A mere generation ago (and still in some congregations today this is still practiced) communion in the Mennonite church was a practice, a participation between people of making things right before God through. In receiving the reconciliatory power of Christ this was possible. Communion, being practiced 4 times annually (in the majority of Mennonite Church Manitoba churches today) was announced several weeks in advance and the congregation was thus sent on a journey of confession between brothers and sisters in Christ which during the actual communion service later on took them to the last supper table, and foot of the cross itself, where the body of Christ is remembered and received, binding the reconciliation done on earth in heaven also.

My problem, therefore, is certainly not with students attending myriad denominations but rather the basis on which they often do so. What the fatigue with Mennonite worship (at least in Manitoba) and the lament of the lack of the sacred call for is a remembering of various Anabaptist/Mennonite traditions. And considering that perhaps the way things are isn’t the way things have always been…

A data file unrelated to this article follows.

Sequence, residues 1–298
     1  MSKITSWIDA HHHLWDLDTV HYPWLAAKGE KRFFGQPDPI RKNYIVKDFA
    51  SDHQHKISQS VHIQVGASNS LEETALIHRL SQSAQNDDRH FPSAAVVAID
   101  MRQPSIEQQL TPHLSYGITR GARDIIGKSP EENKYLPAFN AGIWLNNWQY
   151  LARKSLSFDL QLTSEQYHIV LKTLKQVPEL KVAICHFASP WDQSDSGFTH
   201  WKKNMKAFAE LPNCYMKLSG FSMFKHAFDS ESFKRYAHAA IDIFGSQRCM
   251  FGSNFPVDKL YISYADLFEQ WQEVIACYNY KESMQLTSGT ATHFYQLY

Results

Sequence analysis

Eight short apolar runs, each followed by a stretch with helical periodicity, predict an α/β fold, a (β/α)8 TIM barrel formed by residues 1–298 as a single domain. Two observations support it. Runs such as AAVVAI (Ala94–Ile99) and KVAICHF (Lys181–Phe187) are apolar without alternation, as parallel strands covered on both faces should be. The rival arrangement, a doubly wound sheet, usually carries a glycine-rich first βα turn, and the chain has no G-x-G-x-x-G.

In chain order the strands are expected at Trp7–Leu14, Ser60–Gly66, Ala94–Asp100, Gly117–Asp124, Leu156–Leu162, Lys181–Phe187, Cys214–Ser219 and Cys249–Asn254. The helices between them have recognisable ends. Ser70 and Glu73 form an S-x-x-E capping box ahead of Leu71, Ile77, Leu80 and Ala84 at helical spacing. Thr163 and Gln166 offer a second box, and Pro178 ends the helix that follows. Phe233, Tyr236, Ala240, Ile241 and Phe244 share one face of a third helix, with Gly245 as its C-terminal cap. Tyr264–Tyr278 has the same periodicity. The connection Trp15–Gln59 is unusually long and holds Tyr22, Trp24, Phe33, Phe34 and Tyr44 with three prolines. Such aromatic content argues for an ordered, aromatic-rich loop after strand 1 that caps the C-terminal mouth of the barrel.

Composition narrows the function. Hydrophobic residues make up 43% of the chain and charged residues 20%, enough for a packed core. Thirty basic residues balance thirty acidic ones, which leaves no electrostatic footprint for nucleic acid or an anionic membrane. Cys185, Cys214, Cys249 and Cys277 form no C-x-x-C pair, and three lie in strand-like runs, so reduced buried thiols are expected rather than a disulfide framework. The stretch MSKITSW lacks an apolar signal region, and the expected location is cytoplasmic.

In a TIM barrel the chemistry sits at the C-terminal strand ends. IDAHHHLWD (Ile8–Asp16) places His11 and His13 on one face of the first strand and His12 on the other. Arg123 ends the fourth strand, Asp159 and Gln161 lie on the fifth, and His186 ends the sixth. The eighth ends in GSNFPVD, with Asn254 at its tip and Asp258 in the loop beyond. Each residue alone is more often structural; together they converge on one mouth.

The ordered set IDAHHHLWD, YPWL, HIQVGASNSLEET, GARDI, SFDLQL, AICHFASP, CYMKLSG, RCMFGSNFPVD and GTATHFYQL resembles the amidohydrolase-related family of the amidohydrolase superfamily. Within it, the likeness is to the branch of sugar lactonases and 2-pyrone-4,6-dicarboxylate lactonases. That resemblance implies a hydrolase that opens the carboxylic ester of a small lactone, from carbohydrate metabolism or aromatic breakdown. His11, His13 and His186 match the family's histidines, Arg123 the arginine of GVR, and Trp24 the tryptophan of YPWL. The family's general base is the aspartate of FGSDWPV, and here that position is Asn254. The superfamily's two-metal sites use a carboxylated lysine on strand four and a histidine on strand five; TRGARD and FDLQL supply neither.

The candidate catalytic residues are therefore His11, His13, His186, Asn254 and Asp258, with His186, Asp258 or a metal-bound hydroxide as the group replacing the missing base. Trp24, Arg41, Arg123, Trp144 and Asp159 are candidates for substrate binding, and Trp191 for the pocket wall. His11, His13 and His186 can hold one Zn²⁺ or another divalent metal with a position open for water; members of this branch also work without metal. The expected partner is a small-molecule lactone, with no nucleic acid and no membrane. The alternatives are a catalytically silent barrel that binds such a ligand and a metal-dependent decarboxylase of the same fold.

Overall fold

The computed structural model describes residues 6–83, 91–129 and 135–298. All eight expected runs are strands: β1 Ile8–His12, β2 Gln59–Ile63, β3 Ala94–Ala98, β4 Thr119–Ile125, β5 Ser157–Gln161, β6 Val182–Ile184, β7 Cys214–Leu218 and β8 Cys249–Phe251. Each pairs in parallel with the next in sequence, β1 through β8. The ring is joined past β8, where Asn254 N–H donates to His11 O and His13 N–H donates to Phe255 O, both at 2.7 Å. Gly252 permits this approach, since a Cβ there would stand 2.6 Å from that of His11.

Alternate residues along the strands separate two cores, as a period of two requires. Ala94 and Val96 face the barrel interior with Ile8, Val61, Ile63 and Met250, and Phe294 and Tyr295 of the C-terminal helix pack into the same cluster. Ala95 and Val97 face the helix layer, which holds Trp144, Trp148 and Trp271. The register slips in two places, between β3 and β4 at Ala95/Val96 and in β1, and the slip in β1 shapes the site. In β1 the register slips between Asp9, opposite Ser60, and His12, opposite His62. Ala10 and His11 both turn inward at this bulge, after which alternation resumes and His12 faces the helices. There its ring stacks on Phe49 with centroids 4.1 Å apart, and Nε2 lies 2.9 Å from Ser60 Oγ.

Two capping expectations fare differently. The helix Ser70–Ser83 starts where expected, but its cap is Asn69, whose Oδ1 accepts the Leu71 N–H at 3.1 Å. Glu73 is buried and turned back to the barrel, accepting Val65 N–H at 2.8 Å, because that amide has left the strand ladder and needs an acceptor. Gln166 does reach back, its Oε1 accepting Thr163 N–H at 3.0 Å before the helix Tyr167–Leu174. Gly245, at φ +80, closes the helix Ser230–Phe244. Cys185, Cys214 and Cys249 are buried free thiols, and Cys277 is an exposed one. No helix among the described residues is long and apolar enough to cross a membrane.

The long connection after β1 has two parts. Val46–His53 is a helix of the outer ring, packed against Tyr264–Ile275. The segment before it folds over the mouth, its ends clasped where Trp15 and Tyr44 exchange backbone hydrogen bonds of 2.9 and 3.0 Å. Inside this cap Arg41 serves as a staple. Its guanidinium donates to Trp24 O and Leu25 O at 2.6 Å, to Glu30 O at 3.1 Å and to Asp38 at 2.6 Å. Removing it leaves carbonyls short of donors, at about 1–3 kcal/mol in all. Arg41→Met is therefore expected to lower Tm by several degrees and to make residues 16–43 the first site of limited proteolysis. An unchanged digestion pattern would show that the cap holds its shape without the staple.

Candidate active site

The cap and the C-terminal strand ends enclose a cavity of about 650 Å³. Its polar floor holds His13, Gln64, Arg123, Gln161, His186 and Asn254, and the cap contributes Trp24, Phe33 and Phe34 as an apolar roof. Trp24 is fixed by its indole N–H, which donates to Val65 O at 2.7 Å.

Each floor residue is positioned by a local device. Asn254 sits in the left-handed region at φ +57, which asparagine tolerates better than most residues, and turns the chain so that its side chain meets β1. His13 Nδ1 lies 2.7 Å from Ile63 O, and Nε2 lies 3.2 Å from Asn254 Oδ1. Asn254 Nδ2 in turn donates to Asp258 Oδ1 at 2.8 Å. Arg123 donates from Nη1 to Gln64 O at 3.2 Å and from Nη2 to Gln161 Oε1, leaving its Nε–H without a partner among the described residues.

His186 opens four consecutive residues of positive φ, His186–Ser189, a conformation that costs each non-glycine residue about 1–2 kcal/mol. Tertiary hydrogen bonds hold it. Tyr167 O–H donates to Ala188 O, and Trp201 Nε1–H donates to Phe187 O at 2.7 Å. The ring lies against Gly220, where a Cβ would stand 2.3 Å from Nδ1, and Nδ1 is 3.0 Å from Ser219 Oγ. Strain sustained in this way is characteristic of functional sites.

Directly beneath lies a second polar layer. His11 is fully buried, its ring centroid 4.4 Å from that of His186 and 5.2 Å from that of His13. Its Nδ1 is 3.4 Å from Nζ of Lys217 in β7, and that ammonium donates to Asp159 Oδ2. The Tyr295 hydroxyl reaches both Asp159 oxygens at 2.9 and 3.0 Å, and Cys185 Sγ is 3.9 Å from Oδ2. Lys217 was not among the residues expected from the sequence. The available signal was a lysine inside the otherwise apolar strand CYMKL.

Winnipeg Mennonite Liturgical Church is an interesting response to this fatigue and they express the called for pursuit well, I think, when they write: “We are rooted in church history and liturgy and are open to learning from other Christian traditions while understanding ourselves as Anabaptist.”


8 comments on “On Mennonites and the Eucharist

  1. Michael says:

    This is very helpful, and hits close to home. Thanks!

  2. jonathan says:

    This brings to a head the various reasons why I began attending an Anglican church (St. Margaret’s, by the way). I did so before CMU, however, I felt that the sort of theology I studied at CMU was best expressed in a style of worship that was less focused on the congregants.